Federal Under Another Name

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ammo boxes sitting on top of a wooder box with Red Head Shells written on it

It’s hard to imagine today, but before the late 1960s, few American shooters bought firearms or ammunition through dedicated gun shops, outdoor stores on online retailers. In most areas, guns were regarded as “hardware” items, and the national hardware show was a premier sales event for the gun industry into the 1960s.

So, it’s not surprising that in the early history of Federal, founder Charles Horn enlisted barbers, doctors, blacksmiths: anyone who could move ammo. Lists of Federal dealers from the 1920s show lots of grocery and feed stores along with local hardware suppliers. Ammunition was not a regulated item in most of America, and you might find it anywhere.

While these small dealers were content to provide ammunition under Federal trademarks, certain larger customers wanted to sell ammunition under their own brands. The greatest of these was Sears, Roebuck & Co., a retailer that is much diminished today, but that was the Amazon of its time. It issued its first catalog in 1896 and sold a panoply of guns, both domestic and imported, at prices that infuriated U.S. manufacturers like Winchester, which refused in the early 1900s to sell to Sears.

Sears responded by establishing its own gun factory, Meriden Arms, in 1905. Sears used a variety of fanciful and sometimes deceptive brand names like S. Holt Arms, Long Range Wonder and Gladiator. Sears wanted private-branded ammunition to go with the guns, so Federal began loading specially marked Sears shotshells in 1927. As was customary at the time, packaging was illustrated to relieve the buyer of the need to check dram equivalent, charge weight and shot size.

All three versions were called “Sport Loads,” with the Pointer brand designating upland loads, Mallard for duck ammo, and a Canada goose for the X-tra Range high-brass shells.

Sportload (one word) became a trade name in the 1930s and designated the low-brass ammo, the X-tra Range denoting the high-brass shells.

These designations continued through the 1950s and 60s as Sears sold shotshells under the J.C. Higgins name that covered all its outdoor products. They were retained from 1965, when plastic hulls replaced paper, and later when Boston Red Sox slugger Ted Williams became the face of Sears outdoor products.One of the purposes of the Gun Control Act of 1968 was to get catalog retailers like Sears out of the gun business by prohibiting sales through the mail. It succeeded in that aim, and Federal made no more Sears ammo after 1971.

Sears and its crosstown Chicago rival Montgomery Ward sold Sta-Klean rimfire ammo beginning in 1930. This was thanks to the good offices of Frank Olin. He helped transfer the business from Winchester, which supplemented Federal production for low-demand items like 22 WRF.

Montgomery Ward was the senior Chicago catalog retailer, dating to 1872. Similarly, it was the first big “wish book” seller to offer Federal-made shotshells beginning in 1923. These were styled “Red Head” and featured distinctive multi-colored artwork spotlighting a Canada goose. The harsh Depression years saw that simplified to a two-color treatment.

In the 1950s, ammo was rebranded to the Hawthorne trademark used on all Wards outdoor goods. Standard-velocity shells were designated Reliance, while the stiffer loads were Long Range and Magnum. Plastic hulls replaced paper around 1965.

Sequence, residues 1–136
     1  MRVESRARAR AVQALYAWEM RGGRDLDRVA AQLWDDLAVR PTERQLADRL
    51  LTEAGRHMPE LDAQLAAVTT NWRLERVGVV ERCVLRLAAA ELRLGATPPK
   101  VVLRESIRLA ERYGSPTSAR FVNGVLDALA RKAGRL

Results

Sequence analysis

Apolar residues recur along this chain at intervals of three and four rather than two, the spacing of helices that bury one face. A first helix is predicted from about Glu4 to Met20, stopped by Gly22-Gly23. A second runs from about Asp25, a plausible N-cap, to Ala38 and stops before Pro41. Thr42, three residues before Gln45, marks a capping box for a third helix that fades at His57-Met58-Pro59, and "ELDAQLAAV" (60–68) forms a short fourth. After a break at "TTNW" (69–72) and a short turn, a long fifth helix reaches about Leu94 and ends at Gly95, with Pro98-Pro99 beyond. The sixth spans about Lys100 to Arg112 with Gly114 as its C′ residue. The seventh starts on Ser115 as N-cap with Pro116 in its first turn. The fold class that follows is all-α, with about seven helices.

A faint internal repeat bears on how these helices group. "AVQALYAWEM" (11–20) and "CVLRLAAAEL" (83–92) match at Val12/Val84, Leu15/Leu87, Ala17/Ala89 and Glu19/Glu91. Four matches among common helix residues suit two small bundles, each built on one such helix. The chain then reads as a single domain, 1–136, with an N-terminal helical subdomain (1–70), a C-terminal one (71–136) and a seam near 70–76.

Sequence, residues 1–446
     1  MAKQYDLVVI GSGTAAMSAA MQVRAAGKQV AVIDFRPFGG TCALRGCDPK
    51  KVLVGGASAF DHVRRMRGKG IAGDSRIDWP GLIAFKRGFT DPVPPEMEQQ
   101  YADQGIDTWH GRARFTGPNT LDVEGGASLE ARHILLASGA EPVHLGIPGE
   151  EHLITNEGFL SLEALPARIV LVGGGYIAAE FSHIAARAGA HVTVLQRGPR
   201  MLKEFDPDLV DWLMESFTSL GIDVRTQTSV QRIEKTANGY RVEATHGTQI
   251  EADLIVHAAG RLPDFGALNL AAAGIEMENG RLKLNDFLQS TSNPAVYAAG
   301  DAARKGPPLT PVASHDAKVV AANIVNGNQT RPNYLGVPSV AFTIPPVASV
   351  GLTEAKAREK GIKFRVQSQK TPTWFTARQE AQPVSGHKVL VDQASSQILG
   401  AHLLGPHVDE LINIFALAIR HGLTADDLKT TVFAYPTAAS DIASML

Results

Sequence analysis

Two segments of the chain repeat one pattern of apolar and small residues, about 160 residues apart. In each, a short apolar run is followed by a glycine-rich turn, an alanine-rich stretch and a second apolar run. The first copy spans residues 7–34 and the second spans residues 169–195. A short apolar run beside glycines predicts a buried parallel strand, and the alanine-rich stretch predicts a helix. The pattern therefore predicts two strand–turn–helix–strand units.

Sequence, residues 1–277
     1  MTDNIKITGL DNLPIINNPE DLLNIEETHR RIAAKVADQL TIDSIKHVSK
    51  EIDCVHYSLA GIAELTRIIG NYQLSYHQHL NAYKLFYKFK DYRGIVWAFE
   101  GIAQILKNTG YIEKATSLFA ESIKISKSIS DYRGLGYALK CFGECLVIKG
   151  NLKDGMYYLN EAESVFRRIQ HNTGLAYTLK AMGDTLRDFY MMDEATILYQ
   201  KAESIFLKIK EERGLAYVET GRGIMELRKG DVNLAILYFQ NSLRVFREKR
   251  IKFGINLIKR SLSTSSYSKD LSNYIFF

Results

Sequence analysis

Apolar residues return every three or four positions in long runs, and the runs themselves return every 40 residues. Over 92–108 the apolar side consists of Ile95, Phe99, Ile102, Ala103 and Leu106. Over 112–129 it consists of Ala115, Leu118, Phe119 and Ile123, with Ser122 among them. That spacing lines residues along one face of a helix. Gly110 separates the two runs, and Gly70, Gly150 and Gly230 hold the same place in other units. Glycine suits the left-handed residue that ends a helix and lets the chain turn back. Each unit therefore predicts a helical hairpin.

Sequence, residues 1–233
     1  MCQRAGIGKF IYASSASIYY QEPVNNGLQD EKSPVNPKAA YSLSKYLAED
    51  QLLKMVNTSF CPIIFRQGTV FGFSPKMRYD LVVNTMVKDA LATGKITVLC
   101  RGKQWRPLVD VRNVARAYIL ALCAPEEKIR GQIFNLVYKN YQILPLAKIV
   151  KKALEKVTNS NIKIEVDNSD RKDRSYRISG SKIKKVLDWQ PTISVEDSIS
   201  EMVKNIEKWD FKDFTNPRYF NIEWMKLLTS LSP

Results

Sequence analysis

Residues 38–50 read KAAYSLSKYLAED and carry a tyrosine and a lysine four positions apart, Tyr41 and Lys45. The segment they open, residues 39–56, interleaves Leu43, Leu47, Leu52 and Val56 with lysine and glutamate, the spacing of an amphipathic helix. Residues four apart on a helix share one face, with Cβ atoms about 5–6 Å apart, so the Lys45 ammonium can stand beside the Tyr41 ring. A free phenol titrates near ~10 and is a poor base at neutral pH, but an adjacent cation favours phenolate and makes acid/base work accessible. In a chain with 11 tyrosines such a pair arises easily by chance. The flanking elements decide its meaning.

Montgomery Ward persisted a bit longer than Sears as a Federal customer, lasting until 1981. But management failed to adapt to changing times, and Wards filed Chapter 7 bankruptcy in 2000.

Gamble’s Stores, a division of Gamble-Skogmo, was headquartered in St. Louis Park, Minn., about 20 miles south of Anoka. Like many chain stores of the time, it catered to small-town Americans with everything from women’s clothing to tractors. It began selling Federal shotshells and rimfire ammo in 1929 under a confusing collection of trade names including Ace, Airway, S&G and Tiger. These were used by themselves or combined with the Hiawatha name.

Gamble’s also sold private-branded centerfire rifle ammo before 1979. Gamble-Skogmo, which by the late 1970s had 4,300 stores, was sold to a California company in 1980 in a leveraged buyout. The buyout was apparently over-leveraged since the combined companies went bankrupt in 1982.

Western Auto began selling auto parts in Kansas City in 1909. It expanded to a variety of hard goods lines, and had about 1,200 stores throughout the nation by the 1980s. It sold guns from High Standard, Mossberg and Savage, as well as Federal-manufactured shotshells and rimfire ammunition under one of the great trade names, Revelation. Western Auto was sold to Sears in 1988, which in turn sold it to Advance Auto Parts in 1998.

Unsurprisingly, firms in the Minneapolis area were early adopters of private-branded Federal ammo. M.W. Savage was a catalog house mainly remembered today because its founder owned the famed trotting horse Dan Patch.

Janney, Semple, and Hill offered Blue Bird standard velocity and, under the Flying Hawk name, “hard-hitting” shotshells. Both were in very plain packaging.

Much more interesting visually are shells from Our Own Hardware: the standard velocity Challenger and the “hard hitting” Diktator.

Consolidation in retailing means the great days of private branding are gone, but Federal has in more recent years loaded ammo for brands like Cabela’s and Herter’s.

Maybe house brands will make a comeback one day, but in the meantime, these now-defunct names are prized by cartridge collectors.